By mid-1942, the Japanese expansion in the Pacific Theater had been blunted at the naval battles of the Coral Sea and Midway. To reverse the course of Japanese conquest, the strategists of the U.S. Navy focused on the Solomon Islands, lying east of New Guinea and northeast of Australia, where the gargantuan effort on the road to Tokyo would begin.
Marine mapping party working on a road in the jungles of the Solomon Islands. Undated photo, probably 1943.
General Strategy of the Campaign in the Solomon Islands
Solomon Islands Geographical Location.
Solomon Islands Chain.
In the spring of 1942, Japanese offensives tried to sever the Allied lines of communications to Australia and to expand their perimeter in the Pacific. They pushed southeast from Rabaul, on New Britain Island, to Guadalcanal and Tulagi in the Solomons, and seized Attu and Kiska in the Aleutians. But they failed in their main effort to take Midway Island, northwest of Hawaii, and in the naval battles of the Coral Sea and Midway in May and June they lost the bulk of their best naval pilots and planes. Midway was the turning point, for it redressed the naval balance in the Pacific and gave the Allies the strategic initiative. The Japanese, with the mobility of their carrier striking forces curtailed, abandoned plans to cut the Allied South Pacific life line and turned instead to strengthening their defensive perimeter, planning to wage a protracted war of attrition in the hope of securing a negotiated peace with the Allies.
For the Americans, the urgent requirement was to block the Japanese and to seize bases on the periphery of the Japanese dominated areas as the first step in pushing the Japanese back to their home islands. A three stage campaign was planned for Rabaul:
The campaign in the Solomons carried out the first two steps of the plan. The move northwest from Guadalcanal up the Solomon Island chain toward Rabaul was named Operation Cartwheel, the strategic responsibility of the Army and General Douglas MacArthur. Naval forces were under the general supervision of Admiral Chester W. Nimitz, whose vast Pacific Ocean Areas command included the North, Central, and South Pacific Areas as subtheaters. After November 1942, the South Pacific Area subtheater was under Admiral William F. Halsey. Southwest Pacific forces were under General MacArthur.
Three Phases of the Solomons Campaign
Air reconnaissance and intelligence showed the Japanese were building an airfield on Guadalcanal, located at the southeast end of the Solomon Islands Chain. To prevent the Japanese from completing this airfield, which would allow them to dominate the seas in the area and threaten Australia, an Allied offensive began on 7 August 1942, when the 1st Marine Division landed on Guadalcanal and nearby islands in the southern Solomons, Phase I of the campaign.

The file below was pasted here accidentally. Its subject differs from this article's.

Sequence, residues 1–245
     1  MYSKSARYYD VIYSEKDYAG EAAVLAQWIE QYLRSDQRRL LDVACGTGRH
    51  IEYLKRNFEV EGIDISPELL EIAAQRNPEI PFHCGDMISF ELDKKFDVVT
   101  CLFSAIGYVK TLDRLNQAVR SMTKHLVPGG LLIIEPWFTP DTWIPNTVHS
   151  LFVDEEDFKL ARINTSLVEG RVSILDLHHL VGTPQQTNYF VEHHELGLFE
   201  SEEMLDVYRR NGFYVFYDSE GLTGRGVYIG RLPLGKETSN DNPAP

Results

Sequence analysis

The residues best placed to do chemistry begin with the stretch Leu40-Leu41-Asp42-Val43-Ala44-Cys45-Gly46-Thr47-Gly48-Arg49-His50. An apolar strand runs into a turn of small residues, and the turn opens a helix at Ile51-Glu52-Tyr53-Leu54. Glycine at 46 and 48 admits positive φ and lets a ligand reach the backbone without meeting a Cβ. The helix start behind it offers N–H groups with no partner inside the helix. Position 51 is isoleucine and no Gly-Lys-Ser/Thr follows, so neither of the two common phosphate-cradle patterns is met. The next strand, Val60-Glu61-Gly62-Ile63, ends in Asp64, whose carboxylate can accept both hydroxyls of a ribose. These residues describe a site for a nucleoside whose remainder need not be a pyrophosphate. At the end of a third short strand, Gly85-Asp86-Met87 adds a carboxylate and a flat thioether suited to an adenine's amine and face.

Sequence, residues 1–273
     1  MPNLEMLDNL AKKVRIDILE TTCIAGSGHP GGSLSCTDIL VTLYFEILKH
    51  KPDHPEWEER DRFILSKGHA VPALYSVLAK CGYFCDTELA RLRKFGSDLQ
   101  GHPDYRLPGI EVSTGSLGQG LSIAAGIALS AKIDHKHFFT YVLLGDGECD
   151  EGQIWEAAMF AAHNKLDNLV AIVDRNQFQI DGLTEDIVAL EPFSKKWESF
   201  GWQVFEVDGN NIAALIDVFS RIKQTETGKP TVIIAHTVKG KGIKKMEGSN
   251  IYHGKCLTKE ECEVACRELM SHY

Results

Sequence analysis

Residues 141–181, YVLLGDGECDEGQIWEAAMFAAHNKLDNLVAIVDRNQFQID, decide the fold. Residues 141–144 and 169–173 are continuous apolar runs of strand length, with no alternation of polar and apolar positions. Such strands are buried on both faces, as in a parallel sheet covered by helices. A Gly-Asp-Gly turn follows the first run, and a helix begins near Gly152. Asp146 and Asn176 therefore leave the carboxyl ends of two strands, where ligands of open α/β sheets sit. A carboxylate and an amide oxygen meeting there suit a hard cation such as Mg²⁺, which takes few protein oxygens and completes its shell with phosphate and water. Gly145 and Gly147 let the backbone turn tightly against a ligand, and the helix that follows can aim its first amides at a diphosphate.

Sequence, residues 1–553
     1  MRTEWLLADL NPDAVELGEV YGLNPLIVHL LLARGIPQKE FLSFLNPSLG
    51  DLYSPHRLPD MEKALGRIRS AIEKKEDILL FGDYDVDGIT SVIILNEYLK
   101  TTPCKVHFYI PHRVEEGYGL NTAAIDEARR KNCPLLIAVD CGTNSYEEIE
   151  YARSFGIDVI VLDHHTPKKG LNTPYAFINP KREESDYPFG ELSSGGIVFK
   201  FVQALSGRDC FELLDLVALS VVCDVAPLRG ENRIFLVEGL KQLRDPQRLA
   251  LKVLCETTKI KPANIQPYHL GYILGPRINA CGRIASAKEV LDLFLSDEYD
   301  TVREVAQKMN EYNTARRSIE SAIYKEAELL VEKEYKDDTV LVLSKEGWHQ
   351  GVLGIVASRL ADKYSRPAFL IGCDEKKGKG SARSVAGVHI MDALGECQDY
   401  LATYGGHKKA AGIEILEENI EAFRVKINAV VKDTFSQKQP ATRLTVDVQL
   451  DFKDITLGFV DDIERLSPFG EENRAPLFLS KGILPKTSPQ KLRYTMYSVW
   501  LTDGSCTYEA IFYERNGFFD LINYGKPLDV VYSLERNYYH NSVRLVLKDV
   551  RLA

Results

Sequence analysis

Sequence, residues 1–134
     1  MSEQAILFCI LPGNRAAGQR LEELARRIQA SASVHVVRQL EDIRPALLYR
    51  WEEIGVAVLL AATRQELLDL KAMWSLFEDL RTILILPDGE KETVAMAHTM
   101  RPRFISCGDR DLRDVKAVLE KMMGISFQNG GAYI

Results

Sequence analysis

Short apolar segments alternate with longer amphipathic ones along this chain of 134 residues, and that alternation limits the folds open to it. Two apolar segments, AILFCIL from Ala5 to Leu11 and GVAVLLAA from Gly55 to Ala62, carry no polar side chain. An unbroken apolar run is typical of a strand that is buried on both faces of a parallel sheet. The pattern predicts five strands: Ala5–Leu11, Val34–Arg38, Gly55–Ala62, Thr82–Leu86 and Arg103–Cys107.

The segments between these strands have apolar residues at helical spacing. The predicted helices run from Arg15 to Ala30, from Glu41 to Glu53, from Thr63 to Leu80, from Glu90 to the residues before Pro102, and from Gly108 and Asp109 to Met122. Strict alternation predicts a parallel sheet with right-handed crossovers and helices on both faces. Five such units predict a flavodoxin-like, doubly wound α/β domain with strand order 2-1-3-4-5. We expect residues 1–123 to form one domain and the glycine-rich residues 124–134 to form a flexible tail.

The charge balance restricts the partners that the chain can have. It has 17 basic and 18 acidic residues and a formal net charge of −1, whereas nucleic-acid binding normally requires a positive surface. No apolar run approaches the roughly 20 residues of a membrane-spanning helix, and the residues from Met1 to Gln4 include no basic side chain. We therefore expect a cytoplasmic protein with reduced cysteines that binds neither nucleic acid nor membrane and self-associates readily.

After Guadalcanal, Phase II of the Solomons campaign began in late June 1943, in the Central Solomons. There Admiral Halsey's South Pacific forces, operating under MacArthur's strategic direction, landed on New Georgia, about 200 miles northwest of Guadalcanal, with the main objective seizure of the Munda airfield and driving the Japanese from New Georgia and the surrounding islands. The invasion of New Georgia in June 1943 signaled a new phase of the war, the beginning of a sustained American strategic offensive. The capture of Munda airfield on 5 August still left many Japanese on New Georgia, as well as on the surrounding islands of Arundel, Baanga, Gizo, Kolombangara, and Vella Lavella. These were taken or neutralized by the end of September.
Many of the Japanese who had survived Guadalcanal, New Georgia or other Solomon Islands were evacuated to Bougainville as their positions fell to the Allies or were bypassed and cut off. By early October 1943, the Japanese had approximately 37,500 troops on Bougainville and nearby islands. Phase III, the final battle of the Solomons campaign, was the struggle over Bougainville, only 225 miles from Rabaul. A landing 1 November established the Allies on the western side of Bougainville and fighting over the next two months expanded that beachhead and protected the construction of a major airfield that could support the American invasion of the Philippines in October 1944.
The Americans had no intention of fighting the Japanese for all of Bougainville, instead waiting for the Japanese to come to them. A powerful Japanese counterattack starting on 9 March 1944 and a series of battles through 23 March were serious failures for the Japanese who sustained losses exceeding 5,000 men. Thereafter, the remaining Japanese were incapable of offensive action and were slowly mopped up.
The ring of island bases that completed the isolation of Rabaul also included Green Island, at the northern end of the Solomon Islands, considered a part of the Australian Territory of New Guinea. On 15 February 1944, an Allied force landed with little opposition. By 19 February, Seabees were laying an airfield on the island.
Fighting continued on Bougainville as gradually the Japanese were ground down. During October-December 1944, the U.S. ground forces were replaced by the Australian II Corps. A series of actions into the Spring of 1945 forced the Japanese into the Bonis Peninsula in the north. Allied attempts to finish off the Japanese on Bougainville did not succeed prior to the surrender of the Japanese government. The surrender of Japanese forces on Bougainville took place on 21 August 1945.
Recommended Books about the Solomons Campaign
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